Blah Blah short description of org, explanation of my role, discussion of position…

    Do you have any questions you’d like to ask before we get started?”

    Reply
    1. OP #4

      See, that I wouldn’t have found unusual. Both of these were along the lines of, “Hi, I’m Sue, I’m the VP of Chocolate Teapots, thanks for meeting with me. We’ll go over the position details in a minute, but do you have any questions to start?” I ended up pulling out questions that I’d normally ask at the end such as “I understand this is a new position, can you tell me what led to its creation?” but it just struck me as odd. Your intro makes more sense to me – you gave some details about the company and position before asking.

      Reply
      1. Victoria Nonprofit

        My thinking was to give them a chance to ask any questions they’d like to hear the answer to before they start giving me information. Like “It sounds like there will be some fundraising involved with this position. Can you tell me a little more about what kind of work that would be?” so they know whether to highlight the volunteer grantwriting they do or the fundraiser gala they threw for their college club.

        For what it’s worth, the “blah blah intro to the organization/position/etc.” was usually, like, two or three sentences. “What we do is develop and manufacture chocolate teapots. The person in this role will work closely with the Director of Teapots to develop a new product to meet the needs of caramel lovers.” Stuff they should know from the job description and reading the website, but giving them a hook to ask any clarifying questions.

        Reply
      2. Angela S.

        In the last few weeks when I was interviewing people for a job opening at my workplace, I started a few with asking the candidate questions. My purpose of doing this is to see if the candidates have done their research to know enough the company. It always impress me to see a few who have questions about the workplaces and the job openings. They gave me the impression that they already knew the jobs they were applying for.

        Reply
  24. bluefish

    I know most people would disagree with me, but I actually find it rude when people brush their teeth (or apply their makeup, etc.) in the common, work bathroom. When I have to “USE” the bathroom, I want as much privacy as possible. If someone else is in a stall I always make sure to go to the bathroom, wash my hands, then leave immediately so that if the other person needs privacy they can have it. I hate when I’m trying to go to the bathroom and someone is just sitting in there brushing their teeth or brushing their hair or something. While it annoys me, I do understand that most people do not feel the same so I’ve learned to accept that certain people will always be brushing their teeth in there.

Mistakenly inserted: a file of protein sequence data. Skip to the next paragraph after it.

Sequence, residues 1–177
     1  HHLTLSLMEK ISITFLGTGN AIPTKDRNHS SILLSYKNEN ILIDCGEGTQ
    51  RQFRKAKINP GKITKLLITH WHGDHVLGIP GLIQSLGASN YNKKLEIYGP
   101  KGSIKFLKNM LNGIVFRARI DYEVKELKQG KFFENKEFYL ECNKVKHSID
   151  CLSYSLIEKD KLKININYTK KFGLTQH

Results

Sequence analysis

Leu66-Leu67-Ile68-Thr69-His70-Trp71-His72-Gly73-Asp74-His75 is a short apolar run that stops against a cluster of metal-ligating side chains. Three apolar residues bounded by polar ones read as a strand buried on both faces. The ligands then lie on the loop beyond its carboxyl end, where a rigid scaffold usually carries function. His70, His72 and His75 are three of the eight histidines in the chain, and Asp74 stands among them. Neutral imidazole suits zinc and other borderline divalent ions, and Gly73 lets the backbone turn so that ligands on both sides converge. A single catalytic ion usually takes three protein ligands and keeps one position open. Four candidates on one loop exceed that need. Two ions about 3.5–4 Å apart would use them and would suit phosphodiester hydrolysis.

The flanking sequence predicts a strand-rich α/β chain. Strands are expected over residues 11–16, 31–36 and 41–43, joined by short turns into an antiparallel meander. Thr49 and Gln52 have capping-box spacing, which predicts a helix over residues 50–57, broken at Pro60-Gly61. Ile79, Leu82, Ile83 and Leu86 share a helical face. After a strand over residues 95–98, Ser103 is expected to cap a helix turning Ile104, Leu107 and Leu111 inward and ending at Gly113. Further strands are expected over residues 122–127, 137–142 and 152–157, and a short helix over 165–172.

Reply
    1. Anonymous

      Yes, you’re right, lots of people don’t fee the same way. So it doesn’t seem rude to me at all: they’re using a space with a mirror and sink. That’s the place for it.

      Reply
      1. fposte

        And that’s the crux, isn’t it? Those are all normal things to do of a workday, and better in the bathroom than in the corridor.

        Reply
        1. bluefish

          I’m probably the only person on the planet who thinks this, but I actually think if you must brush at work the best place would be in the kitchen sink. It just seems yucky to brush your teeth while other people are using the toilet. I’m a bit of a weirdo, but I don’t even like to inhale when I’m in the bathroom and someone else is using it. I do realize that my opinions on the matter are unusual. Just thought I’d share.

          Reply
          1. twentymilehike

            I actually think if you must brush at work the best place would be in the kitchen sink.

            Its funny you say that! I have brushed my teeth in my kitchen sink and it feels really weird, but in a public restroom it just feels dirty. I clean the kitchen sink at work, so I think that I think that because I know how clean it is v. not knowing what’s going on in the bathroom since makes me more prone to want to also use the kitchen sink. I’ve also been in a few public restrooms where I’ve seen (and *gasp* participated in) women peeing in the sink (In all fairness, all of these women were drunk, myself included … so that hopefully doesn’t apply to work places, but it does color my picture of public restrooms).

            Reply
    2. Lily in NYC

      You would lose it if you worked in my office! We used to have someone that regularly pooped on the floor. That was bad enough. We have another person that leaves footprints on the toilet seat. She’s accustomed to squat toilets and somehow manages to squat with her feet on the actual seat. Now we have someone that shaves her armpits at the sinks about once a week. It is so weird. I hate our bathroom.

      Reply
    3. Rana

      I guess I’ve always figured that the stall is what provides the privacy. But then I’ve spent too many years sharing bathrooms to be bothered if someone can hear me at my business.

      Reply
  25. girlreading